Broward School Board agrees to stop paying legal bills of suspended members

South Florida Sun-Sentinel | By Scott Travis | September 13, 2022 

If four former Broward School Board members want to challenge their suspensions, they may have to pay potentially thousands of dollars in legal costs out of their own pockets.

The current School Board voted unanimously Tuesday to not pay lawyers for Ann Murray, Donna Korn, Patti Good and Laurie Rich Levinson for any services rendered after Aug. 26, when they were suspended by Gov. Ron DeSantis in the wake of a scathing grand jury report. The grand jury urged their removal, accusing them of having “engaged in acts of incompetence and neglect of duty.”

Board Chairman Torey Alston, who was recently appointed by DeSantis, requested the action on the legal bills. The move comes after the South Florida Sun Sentinel reported this past weekend that Murray and Korn had racked up grand jury-related legal bills of $120,000 over the past 16 months.

“These Suspended Officers sought to expunge portions of the Grand Jury Report. The School Board provided payment for the legal representation in these actions,” the agenda item said. “The School Board has the discretion to cease payment of legal services for the representation of the Suspended Officers.”

The district will pay for any services prior to the suspension, even if the district hasn’t received the bills yet, officials said. General Counsel Marylin Batista said state law requires legal coverage for School Board members if the actions in question are related to their jobs. But state law doesn’t require coverage for suspended board members, she said.

“We should have the back of the people who are here, but once they’re not in the position anymore, we don’t have unlimited funds to cover those costs,” Board member Debbi Hixon said.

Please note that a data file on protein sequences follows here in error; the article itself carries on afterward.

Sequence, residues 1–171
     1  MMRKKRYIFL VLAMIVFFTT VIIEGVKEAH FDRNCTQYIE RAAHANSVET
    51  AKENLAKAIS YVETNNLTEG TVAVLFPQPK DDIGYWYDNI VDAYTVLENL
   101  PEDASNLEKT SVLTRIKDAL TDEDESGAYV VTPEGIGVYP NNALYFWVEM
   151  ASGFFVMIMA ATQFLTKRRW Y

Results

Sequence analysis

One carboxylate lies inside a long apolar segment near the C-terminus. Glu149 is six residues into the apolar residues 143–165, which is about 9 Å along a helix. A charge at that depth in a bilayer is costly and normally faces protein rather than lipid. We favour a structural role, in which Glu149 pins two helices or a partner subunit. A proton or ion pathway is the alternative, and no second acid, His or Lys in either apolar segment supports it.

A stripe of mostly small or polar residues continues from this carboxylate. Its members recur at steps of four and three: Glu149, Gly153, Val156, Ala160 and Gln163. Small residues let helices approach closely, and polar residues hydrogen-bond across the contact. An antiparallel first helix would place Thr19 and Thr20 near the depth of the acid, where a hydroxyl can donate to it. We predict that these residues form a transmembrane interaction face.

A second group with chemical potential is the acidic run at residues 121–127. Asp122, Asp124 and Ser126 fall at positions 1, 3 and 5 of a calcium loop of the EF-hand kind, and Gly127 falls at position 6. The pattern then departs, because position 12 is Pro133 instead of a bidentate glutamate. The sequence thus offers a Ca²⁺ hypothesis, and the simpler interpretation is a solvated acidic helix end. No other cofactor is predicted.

Murray’s lawyer had billed the district $74,689, while Korn’s lawyers had billed $45,391. A bill for Good was combined with services for a former district employee, with the total being $4,141. No bills had been submitted yet for Levinson.

Korn and Murray fought multiple appeals to try to have negative information, including a call for their removal, expunged from the grand jury report. The report was finished in April 2021 but not released until last month due to legal challenges.

Murray was still fighting her suspension. Her lawyer, Peter Patanzo, said he asked to delay the grand jury’s release before Korn’s final appeal was rejected.

He said there are problems with the grand jury process that need to be resolved. A statewide grand jury is supposed to span multiple jurisdictions, but the report focused almost entirely on Broward, he said. Grand juries are also supposed to keep out the names of witnesses who are not indicted, Patanzo said.

“This is going to set a precedent one way or another and they can’t have unlimited executive authority,” Patanzo told the Sun Sentinel last weekend.

Reached Tuesday evening, Patanzo said the board’s action “isn’t going to stop the litigation. These issues are far too serious to let a move like this stop the courts from deciding it.”

He wouldn’t say who would pay for the litigation.

“The real story is how executive officials have weaponized the grand jury report, and I think the public is recognizing it for what it is,” Patanzo said.

None of the four ex-board members could be reached, but LGBTQ activist Michael Rajner spoke out against the action at Tuesday’s meeting. He criticized DeSantis’s action to remove the four board members as political.

The Broward School Board on Tuesday discussed the district’s response to resolve issues raised by a grand jury. (Carline Jean/South Florida Sun Sentinel)

“I think what the board is doing is possibly pushing aside due process,” said Rajner, who lives in Wilton Manors. “I also think it’s worrisome when you’re targeting board members that were removed by the governor, and I believe this item is vindictive in carrying out political theater for the governor.”

Former School Board members would have to pay their own fees if they want to appeal their suspension to the state Senate, which would make the final decision on their removal.

The terms of Murray, Korn and Levinson expire in November, so it’s unlikely the Senate could hear their case before then. Good’s term was scheduled to expire in November 2024.

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